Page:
Tuesday, 7 July 2009

Hella - Biblical Violence
(Album: Hold Your Horse Is)

More on the BBC competition

Peter Kingston has written an article (in the guardian today), with online mirror here:


It is indeed me at the top, staring intently at my set of headphones for no apparent reason.

This is the first time I've been put in a paper - and it's pretty exciting (although I didn't expect the piece to go through, as wild as it is; I'm not sure I was prepared to answer the question "is it playable?"). Also, to clarify, I'm not a composer in association with the NYO, as Kingston suggests. Peter has also paraphrased my comments - I don't think I ever said I would try "to do my own thing" or "use my voice", statements that are clichés. I seem to remember talking more about being influenced by the kind of radical thought processes that lie behind avant-garde music, rather than (particularly), the music itself. I am not conscious of a piece of music that might be seen as "model" for Oy, but technically, there are things that are similar to other pieces. But I do have to thank Peter and the Guardian for letting my face grace their pages; I hope some people will read it.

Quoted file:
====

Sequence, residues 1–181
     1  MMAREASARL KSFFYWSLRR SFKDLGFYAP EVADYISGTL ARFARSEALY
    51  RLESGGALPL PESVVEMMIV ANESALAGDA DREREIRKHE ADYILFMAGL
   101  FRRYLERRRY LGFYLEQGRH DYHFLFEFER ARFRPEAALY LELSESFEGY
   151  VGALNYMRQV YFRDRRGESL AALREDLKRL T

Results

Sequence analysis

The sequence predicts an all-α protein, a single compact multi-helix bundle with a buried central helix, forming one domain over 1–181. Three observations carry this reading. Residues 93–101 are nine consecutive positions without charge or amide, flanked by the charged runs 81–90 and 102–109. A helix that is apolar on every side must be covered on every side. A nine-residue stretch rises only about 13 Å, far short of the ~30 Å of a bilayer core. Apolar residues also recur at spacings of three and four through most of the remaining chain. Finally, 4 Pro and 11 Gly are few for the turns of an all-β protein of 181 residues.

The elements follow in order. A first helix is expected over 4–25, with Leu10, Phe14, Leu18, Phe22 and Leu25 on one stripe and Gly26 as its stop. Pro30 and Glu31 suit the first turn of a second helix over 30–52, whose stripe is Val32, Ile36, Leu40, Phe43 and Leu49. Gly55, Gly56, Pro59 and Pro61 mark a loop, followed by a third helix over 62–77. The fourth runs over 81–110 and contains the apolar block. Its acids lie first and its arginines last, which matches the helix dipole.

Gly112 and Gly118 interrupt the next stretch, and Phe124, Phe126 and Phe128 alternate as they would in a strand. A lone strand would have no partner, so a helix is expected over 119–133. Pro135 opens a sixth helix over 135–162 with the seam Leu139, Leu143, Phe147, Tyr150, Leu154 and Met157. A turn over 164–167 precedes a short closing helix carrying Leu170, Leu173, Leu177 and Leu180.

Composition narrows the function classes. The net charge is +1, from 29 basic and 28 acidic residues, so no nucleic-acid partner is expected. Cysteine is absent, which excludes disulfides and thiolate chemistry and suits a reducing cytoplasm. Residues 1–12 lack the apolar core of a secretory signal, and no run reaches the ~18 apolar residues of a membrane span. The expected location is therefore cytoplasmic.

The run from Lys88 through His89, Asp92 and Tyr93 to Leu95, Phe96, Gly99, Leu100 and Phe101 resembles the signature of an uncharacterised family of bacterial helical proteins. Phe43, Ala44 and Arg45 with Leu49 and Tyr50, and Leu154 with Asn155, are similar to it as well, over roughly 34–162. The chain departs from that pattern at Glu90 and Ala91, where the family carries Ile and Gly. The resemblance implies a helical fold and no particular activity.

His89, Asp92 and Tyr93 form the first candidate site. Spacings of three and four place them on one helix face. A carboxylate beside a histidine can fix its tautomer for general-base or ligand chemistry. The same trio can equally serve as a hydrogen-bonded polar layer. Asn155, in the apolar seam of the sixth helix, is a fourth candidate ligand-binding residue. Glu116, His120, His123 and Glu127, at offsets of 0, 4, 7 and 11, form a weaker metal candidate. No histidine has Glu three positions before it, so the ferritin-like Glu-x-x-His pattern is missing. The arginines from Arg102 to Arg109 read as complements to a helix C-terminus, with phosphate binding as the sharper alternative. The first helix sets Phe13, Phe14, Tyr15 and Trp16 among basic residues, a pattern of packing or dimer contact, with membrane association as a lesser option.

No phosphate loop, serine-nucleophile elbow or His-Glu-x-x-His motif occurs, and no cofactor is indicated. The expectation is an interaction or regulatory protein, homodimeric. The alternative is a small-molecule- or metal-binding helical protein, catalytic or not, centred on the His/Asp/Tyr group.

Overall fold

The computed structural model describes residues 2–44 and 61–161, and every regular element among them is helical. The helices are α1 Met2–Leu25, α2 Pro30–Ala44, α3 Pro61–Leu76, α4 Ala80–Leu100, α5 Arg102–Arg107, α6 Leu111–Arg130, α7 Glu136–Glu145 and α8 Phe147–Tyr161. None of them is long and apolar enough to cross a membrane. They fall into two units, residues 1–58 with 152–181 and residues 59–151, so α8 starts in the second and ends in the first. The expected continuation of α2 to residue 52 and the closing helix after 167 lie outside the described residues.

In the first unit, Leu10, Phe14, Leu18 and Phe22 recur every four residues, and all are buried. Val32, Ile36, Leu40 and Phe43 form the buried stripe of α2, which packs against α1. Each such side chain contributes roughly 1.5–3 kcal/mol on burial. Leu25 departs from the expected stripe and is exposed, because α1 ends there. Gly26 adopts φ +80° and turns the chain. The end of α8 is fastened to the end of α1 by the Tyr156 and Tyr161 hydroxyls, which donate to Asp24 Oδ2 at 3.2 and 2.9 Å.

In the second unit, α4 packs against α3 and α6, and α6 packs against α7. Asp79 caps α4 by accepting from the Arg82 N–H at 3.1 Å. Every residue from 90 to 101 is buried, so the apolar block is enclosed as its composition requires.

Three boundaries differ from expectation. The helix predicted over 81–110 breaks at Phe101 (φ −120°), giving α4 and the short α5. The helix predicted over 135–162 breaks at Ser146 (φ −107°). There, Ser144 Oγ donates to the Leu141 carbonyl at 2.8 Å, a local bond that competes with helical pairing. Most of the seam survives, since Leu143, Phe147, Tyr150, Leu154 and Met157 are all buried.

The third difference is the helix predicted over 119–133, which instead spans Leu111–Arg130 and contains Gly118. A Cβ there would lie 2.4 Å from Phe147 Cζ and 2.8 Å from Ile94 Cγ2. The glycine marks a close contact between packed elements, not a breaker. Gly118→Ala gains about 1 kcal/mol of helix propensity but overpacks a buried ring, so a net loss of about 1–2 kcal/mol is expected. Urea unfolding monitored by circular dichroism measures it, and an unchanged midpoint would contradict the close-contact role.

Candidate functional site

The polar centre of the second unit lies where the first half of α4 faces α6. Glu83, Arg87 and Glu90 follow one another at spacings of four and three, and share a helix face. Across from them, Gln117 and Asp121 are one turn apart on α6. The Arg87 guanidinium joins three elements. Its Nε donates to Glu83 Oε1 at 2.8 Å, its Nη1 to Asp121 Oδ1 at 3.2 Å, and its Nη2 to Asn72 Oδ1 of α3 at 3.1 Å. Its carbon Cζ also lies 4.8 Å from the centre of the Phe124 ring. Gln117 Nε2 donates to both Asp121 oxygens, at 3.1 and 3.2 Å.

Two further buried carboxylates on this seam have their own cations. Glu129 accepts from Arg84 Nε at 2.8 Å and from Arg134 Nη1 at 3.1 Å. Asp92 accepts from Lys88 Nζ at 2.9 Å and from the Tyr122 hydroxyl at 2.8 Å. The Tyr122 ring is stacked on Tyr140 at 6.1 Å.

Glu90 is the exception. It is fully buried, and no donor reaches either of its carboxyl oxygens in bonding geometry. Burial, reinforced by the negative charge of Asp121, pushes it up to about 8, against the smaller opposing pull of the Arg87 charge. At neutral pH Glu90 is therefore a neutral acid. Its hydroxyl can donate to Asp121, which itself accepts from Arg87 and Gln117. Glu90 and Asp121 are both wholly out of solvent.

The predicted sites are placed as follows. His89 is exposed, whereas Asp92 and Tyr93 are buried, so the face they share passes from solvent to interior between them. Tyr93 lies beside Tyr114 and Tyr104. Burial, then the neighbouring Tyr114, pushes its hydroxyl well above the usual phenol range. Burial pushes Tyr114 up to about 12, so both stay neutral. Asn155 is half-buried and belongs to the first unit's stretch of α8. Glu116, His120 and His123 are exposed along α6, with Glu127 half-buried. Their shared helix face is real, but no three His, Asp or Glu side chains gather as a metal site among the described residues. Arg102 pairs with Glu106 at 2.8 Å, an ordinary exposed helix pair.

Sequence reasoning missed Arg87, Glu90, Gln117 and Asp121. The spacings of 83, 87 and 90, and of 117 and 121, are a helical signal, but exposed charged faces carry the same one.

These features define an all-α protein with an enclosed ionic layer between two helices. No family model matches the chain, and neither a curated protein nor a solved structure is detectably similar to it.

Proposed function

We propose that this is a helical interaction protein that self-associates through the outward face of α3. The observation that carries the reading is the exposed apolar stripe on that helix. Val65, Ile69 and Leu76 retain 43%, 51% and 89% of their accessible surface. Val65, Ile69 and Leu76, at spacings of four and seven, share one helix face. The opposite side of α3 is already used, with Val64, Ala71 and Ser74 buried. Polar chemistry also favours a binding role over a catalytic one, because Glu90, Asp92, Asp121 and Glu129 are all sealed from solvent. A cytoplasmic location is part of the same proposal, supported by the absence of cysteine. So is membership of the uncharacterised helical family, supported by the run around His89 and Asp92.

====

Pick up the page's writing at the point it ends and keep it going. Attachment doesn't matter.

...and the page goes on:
This is a massive project for all of us, with this joint "Fanfares" composition for the Last Night of the Proms. Essentially, we're picking up where Anna Meredith left off last year, utilising all of the ensembles around the country, hooked up using technology. I am not proud of the Last Night, the forced patriotism and joviality is not a comfortable environment, as far as I'm concerned; nevertheless this is a mind-bogglingly huge audience to have one's music presented to. Literally, millions of people. The biggest audience I will ever have.